by Tim H., Asia strategist
What is the difference between traditional learning and facilitated relational learning? It’s more than just small group learning.
The problem we face in learning is how to catalog and store all we hear. Adults need relevance in the learning process, something children typically do not need. As kids, our brains tend to absorb all the information we receive. As we become adults, we develop a number of filters to try to help us determine priorities for what we hear in life, to help us figure out how to store it for recall.
Adults look for the “value added” of information they take in. When we sit in a traditional teacher/student learning setting as adults, we tend to be passive, primarily receiving, trying to determine the value of what we’re hearing and how to store it effectively. That is where the filters come in. Sometimes they work against us, if we cannot find relevance in the information.
Posing questions primes the mind to first form its own analysis and assessment, which often includes assignment of value, and this simultaneously opens pathways to storing the information. Answering a question requires one to form an opinion, using the mind and reasoning in the process, thus actively engaging in learning.
Answering questions in small group discussion also forces participants to express and sometimes defend their thoughts (providing clarity of their own beliefs). Group discussion then helps them either confirm or find flaws in their own thinking, or discover aspects from others’ comments which they may not have come up with on their own.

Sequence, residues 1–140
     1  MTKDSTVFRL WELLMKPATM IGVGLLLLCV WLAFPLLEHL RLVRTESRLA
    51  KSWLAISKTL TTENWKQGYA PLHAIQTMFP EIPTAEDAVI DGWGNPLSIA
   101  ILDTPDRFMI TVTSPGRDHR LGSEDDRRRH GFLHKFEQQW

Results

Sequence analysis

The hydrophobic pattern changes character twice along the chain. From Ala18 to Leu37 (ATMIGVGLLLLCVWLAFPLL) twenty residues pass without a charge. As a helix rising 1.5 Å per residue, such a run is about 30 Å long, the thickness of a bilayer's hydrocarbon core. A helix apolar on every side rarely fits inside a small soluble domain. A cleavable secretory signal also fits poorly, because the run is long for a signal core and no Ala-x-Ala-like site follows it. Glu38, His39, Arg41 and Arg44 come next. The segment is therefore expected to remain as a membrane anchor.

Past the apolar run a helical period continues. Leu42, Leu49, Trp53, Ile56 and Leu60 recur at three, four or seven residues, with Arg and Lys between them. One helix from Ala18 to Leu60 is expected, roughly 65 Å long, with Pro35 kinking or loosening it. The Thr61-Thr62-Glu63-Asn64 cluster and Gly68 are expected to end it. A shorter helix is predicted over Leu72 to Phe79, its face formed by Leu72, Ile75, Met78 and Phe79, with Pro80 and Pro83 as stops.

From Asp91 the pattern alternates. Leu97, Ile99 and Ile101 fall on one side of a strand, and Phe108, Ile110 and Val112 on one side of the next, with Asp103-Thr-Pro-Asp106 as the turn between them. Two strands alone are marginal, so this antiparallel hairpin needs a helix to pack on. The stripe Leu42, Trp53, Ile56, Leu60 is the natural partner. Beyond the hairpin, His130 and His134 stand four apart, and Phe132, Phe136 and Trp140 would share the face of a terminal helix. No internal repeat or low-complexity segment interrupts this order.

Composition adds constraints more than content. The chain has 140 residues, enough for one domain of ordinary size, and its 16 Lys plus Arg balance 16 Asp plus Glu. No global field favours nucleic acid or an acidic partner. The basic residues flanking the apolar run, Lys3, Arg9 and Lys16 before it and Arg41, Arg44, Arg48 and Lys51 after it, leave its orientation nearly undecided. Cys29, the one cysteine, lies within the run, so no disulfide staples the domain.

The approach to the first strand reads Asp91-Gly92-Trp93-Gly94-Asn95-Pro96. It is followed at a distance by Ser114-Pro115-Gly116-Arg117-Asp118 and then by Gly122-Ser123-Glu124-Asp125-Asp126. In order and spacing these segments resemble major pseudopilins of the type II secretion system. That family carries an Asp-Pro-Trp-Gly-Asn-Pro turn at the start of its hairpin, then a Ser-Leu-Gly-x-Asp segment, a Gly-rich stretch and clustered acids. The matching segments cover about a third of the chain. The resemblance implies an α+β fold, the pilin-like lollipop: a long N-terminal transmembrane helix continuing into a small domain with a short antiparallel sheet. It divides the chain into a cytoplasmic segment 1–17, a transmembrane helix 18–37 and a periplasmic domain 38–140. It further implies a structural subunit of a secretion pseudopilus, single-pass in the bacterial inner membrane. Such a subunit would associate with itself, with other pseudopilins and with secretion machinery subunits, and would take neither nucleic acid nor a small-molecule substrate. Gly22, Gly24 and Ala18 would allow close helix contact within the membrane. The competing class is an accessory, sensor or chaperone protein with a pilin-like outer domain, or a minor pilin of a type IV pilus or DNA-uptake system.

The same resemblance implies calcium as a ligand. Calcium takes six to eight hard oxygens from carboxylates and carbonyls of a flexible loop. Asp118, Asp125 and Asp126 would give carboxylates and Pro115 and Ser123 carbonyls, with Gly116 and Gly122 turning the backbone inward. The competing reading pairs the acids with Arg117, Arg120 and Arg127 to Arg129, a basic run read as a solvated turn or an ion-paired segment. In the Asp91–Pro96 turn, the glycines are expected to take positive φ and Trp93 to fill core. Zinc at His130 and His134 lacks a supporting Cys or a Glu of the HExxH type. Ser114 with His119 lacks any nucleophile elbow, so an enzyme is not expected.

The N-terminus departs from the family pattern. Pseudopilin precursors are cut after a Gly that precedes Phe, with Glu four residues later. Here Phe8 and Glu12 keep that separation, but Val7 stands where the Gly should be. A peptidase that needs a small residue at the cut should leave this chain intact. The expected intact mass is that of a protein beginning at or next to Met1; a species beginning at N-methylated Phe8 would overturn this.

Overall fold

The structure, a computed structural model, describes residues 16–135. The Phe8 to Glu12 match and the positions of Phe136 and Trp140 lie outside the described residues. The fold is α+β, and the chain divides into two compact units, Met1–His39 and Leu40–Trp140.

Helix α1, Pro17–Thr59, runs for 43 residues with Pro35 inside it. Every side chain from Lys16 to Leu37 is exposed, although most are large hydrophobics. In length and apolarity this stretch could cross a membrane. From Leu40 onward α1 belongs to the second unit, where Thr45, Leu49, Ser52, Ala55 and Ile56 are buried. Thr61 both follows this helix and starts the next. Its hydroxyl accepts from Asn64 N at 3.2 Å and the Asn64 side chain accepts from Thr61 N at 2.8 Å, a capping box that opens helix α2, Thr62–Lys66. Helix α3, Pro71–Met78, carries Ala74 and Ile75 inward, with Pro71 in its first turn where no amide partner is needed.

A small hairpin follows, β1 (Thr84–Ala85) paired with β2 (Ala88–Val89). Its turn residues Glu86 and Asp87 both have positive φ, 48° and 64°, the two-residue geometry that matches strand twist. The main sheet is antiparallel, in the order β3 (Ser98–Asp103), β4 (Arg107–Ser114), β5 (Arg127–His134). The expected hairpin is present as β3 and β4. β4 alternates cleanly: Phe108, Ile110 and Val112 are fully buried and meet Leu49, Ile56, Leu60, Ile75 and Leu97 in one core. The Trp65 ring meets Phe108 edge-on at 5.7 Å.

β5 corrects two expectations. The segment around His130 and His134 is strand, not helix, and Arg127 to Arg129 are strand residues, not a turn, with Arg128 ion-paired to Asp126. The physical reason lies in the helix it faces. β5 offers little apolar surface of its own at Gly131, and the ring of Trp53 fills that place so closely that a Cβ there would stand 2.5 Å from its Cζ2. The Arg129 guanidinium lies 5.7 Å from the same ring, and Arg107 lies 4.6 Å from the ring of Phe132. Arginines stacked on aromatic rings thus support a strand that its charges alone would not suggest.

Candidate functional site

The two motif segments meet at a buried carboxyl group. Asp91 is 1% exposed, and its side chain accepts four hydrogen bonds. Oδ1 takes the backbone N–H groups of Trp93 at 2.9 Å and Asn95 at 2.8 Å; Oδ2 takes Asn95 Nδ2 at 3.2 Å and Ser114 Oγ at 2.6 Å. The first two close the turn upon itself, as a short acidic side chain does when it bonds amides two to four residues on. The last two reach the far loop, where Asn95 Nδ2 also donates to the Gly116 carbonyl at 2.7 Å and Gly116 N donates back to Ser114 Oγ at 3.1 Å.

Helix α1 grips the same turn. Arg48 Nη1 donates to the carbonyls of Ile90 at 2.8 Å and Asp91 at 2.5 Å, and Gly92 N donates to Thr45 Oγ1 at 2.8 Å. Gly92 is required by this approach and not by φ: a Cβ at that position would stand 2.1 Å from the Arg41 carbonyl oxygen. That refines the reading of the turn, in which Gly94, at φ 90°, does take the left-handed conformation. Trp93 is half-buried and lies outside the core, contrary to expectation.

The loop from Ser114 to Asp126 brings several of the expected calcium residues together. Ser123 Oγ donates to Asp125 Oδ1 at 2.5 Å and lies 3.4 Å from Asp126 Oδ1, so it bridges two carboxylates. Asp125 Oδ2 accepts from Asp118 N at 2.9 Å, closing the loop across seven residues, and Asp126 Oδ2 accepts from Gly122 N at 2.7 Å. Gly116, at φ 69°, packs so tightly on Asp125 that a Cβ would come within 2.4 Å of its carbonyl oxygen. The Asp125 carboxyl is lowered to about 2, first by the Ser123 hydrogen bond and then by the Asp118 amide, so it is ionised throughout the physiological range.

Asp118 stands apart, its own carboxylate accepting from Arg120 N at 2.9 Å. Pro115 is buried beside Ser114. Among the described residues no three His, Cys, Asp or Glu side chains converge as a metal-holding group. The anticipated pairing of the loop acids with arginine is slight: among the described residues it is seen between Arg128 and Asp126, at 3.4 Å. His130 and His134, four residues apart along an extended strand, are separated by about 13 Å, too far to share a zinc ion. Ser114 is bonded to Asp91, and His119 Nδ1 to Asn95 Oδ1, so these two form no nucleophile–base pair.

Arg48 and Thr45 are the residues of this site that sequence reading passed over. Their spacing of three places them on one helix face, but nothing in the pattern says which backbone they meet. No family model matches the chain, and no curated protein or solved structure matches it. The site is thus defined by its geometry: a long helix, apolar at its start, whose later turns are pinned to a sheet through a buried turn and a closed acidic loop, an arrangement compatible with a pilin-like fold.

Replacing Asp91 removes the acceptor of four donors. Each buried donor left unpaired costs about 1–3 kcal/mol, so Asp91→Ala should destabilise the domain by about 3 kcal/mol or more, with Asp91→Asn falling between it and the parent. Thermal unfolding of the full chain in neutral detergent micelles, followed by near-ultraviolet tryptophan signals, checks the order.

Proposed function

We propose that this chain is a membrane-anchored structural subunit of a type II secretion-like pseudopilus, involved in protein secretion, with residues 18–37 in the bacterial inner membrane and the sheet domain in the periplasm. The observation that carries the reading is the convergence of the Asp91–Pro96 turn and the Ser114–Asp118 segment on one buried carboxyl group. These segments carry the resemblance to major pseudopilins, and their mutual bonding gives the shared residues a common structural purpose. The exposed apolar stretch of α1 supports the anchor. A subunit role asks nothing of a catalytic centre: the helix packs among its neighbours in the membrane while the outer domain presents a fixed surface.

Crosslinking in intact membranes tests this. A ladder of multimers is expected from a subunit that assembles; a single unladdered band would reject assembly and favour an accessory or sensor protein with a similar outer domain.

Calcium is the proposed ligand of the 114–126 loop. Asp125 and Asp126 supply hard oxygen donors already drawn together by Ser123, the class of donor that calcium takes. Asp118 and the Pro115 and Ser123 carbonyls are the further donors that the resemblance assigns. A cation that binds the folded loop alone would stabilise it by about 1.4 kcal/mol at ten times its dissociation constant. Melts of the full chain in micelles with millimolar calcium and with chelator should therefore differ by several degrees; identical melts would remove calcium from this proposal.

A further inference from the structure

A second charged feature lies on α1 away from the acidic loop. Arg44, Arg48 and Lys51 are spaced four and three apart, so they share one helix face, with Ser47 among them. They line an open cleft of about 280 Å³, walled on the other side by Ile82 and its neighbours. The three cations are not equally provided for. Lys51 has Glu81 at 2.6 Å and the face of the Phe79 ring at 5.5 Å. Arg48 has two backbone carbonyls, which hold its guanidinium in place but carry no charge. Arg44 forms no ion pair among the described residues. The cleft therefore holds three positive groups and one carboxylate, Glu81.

Jesus used the question/answer technique – especially with his small group of disciples – putting them in a position where they had to actively determine what they believed, then guiding the discussion to ensure it remained centered on truth and led to deeper understanding of what God had said.
This principle is borne out by a comment from a man who recently went through one of Entrust’s newest training modules (still in pilot testing), Becoming a Man of Understanding. “I gained valuable insight into myself as well as how the other men in the group processed their understanding of who Christ is.”
Men tend to hesitate to share with others; small groups built on mutual trust, where learning is guided by well-crafted questions, create a safe environment where they open up and grow, not only in their own understanding, but also in their awareness of the need for community in their faith walk.
This article appears in the spring 2017 edition of Engage.